Today, as I believe today, the technological solutions used to take notes are reduced to a good Tablet PC, which has its advantages and disadvantages. If it is true that if you take notes already “digitized” you can always take them with you without having to rummage every time between the desk drawers and without an additional space occupation and you can have as many copies as you want simply by printing them, it is also true that a Tablet PC has quite high prices, is more delicate than the paper solution as well as more “precious” and “desired”, print has its costs that are more or less comparable to those of a photocopy and also the fact that together with your Tablet PC you always bring together all your knowledge is a risk because if something goes wrong and you do not have a copy you have lost everything.
The “analogue” solution is much more tested and in most cases economic: the important thing is not to fossilize and adapt to various occasions. Try to always choose the right tools in order to get the best with the minimum effort. Choose the right pen for your calligraphy and for your hand: if you write small, choose fine-tipped pens if you write large choose a thicker pen, if you have a light hand use pens that do not need too much pressure to leave their pen otherwise if you have a heavier hand, do not use too sharp feathers to avoid puncturing the sheet. Even the colour has the most importance: choose the colour that tires you less blue or black and uses other colours, with the appropriate parsimony (you are taking notes you are not making a painting) to highlight the key points or the beginning of a new topic.
Talks about a comfortable grip I think your calluses will do to you if necessary. But if writing is a pleasure, you take notes more pleasantly, but be careful not to make it too much pleasure that can distract you from your main goal.
Write down everything but do not write too much
As mentioned and given again, the notes must be an aid that cannot make us forget the important concepts of a lesson, a speech or a reading. So it is not the transcription of what the professor or the speaker said or a recopy of what we are reading. In doing so, you waste so much energy to write, losing very often the concentration and the thread of the speech and getting much more tired and the results are what they are.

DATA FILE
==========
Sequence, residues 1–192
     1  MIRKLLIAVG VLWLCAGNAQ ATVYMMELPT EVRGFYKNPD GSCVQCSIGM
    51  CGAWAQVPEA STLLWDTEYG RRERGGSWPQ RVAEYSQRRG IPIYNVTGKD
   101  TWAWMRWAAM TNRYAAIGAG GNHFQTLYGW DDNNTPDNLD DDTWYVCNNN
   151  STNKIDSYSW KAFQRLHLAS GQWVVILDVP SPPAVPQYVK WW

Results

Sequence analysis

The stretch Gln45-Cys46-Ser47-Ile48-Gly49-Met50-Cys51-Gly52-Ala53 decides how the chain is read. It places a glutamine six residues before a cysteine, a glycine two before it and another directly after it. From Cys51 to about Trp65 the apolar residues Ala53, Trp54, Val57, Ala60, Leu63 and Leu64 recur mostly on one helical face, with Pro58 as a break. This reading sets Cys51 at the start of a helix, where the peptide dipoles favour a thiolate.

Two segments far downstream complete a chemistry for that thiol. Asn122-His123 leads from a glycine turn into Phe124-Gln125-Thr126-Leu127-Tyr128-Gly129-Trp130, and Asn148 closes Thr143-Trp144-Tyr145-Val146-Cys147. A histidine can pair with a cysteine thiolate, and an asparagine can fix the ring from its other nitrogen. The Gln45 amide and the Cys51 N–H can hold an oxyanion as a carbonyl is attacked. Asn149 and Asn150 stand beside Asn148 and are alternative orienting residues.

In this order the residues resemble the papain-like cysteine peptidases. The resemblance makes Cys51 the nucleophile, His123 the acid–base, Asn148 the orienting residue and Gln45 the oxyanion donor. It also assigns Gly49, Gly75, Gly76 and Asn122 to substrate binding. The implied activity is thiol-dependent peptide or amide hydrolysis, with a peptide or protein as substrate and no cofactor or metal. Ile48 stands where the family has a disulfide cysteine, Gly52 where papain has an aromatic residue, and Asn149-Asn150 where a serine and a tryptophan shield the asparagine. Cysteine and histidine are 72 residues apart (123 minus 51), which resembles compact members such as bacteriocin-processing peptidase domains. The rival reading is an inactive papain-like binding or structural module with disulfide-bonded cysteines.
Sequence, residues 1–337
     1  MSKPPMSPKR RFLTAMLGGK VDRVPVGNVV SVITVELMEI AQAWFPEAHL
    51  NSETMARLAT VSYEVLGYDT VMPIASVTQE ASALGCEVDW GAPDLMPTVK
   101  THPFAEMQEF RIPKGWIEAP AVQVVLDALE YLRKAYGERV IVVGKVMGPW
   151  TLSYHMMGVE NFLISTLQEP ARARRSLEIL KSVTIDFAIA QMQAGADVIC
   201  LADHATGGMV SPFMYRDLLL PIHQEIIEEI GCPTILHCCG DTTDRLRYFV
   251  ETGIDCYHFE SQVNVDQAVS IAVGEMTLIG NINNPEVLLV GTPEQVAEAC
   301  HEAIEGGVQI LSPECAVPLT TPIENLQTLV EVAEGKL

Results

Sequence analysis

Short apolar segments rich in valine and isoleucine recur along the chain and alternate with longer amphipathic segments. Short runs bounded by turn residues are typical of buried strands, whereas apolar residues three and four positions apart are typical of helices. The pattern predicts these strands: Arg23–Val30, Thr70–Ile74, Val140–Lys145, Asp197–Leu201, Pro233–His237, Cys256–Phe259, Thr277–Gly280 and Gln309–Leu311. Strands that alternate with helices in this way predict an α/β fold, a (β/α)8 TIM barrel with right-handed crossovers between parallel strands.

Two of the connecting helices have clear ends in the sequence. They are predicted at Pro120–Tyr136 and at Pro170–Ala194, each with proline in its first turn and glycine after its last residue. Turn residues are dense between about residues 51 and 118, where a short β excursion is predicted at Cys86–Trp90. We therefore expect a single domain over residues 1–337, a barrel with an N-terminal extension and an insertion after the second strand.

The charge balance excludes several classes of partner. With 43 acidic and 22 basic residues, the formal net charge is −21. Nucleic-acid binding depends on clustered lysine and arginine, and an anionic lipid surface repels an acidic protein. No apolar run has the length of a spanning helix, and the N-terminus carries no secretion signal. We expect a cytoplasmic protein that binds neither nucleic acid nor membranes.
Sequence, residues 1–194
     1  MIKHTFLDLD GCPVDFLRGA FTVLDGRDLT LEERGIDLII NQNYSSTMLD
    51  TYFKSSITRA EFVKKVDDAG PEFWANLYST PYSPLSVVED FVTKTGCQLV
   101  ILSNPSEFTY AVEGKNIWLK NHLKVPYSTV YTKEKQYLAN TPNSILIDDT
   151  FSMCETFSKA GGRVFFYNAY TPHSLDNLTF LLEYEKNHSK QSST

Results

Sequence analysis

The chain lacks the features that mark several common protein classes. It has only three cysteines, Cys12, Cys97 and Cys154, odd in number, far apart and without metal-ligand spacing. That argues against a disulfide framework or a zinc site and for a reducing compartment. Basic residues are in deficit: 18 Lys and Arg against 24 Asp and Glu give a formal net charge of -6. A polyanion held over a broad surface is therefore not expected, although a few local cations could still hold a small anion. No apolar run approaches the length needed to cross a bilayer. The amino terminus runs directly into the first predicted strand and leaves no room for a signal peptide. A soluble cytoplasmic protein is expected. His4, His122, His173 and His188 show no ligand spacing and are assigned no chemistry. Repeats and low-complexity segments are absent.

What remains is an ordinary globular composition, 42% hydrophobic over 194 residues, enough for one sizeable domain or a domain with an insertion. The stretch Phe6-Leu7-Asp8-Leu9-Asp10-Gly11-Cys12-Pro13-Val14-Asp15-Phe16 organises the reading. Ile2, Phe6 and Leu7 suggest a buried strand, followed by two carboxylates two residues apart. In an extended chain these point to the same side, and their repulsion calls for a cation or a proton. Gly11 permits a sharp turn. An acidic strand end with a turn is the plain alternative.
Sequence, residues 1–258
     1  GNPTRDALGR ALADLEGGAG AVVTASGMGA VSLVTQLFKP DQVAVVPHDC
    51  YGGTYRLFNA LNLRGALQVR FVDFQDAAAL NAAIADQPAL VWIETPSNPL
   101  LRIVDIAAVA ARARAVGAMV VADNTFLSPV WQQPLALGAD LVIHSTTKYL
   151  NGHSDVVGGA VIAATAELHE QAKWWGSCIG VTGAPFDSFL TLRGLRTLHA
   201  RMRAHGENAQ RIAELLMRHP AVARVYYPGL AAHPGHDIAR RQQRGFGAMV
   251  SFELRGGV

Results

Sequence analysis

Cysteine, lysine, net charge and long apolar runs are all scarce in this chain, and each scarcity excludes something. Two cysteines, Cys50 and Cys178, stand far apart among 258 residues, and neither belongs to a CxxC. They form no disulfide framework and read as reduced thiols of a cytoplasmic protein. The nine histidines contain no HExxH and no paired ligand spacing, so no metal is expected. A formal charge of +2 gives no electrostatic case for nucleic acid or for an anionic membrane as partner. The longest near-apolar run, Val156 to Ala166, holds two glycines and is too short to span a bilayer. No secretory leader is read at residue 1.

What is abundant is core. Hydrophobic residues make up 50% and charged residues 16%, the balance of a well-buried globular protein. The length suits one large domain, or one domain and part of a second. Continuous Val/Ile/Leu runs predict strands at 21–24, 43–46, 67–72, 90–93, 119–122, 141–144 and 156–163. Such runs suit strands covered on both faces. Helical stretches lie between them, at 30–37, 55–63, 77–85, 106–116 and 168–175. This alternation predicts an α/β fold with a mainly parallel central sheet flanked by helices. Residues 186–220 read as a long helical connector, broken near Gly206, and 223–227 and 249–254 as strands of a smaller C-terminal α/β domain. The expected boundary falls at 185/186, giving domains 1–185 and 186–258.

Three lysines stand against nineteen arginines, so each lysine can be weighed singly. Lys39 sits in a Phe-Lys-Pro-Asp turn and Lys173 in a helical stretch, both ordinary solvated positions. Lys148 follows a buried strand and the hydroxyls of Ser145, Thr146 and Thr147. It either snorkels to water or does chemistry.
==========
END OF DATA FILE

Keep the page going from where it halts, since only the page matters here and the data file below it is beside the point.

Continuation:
So try to mark all the essential but not too much. So that when you go to reread you will be able to reflect on certain aspects that you may not have noticed before, something that is difficult to do if you write too many things and channel your work in one direction. Use abbreviations, abbreviations and other techniques that can make you write less when possible: always try to be clear and use terms whose meaning you know or that is easy to guess. Being too cryptic saves time when writing, but sometimes it gets lost just as much when you go to read.
Always with a view to not fossilize and to achieve the goal that you have set yourself, or take notes, are very useful diagrams, diagrams and concept maps especially when it is impractical to report on paper what you are listening to or reading. If you have available paper material to lean on to follow a speech, be careful not to rewrite what is already there and to use it intelligently to work less: underline or highlight the pivotal points and add to the side or where there is it is space that you think is missing. This can also be useful when taking notes during a reading, taking care to use bookmarks or similar things at the topical points of the book for example.
I think I said everything I wanted to say. Now I want to know what you think, how you usually take notes, if you do it habitually or not, if you use a technique in particular and if there is any method that is particularly “infallible” and you want to share it with those who pass by here.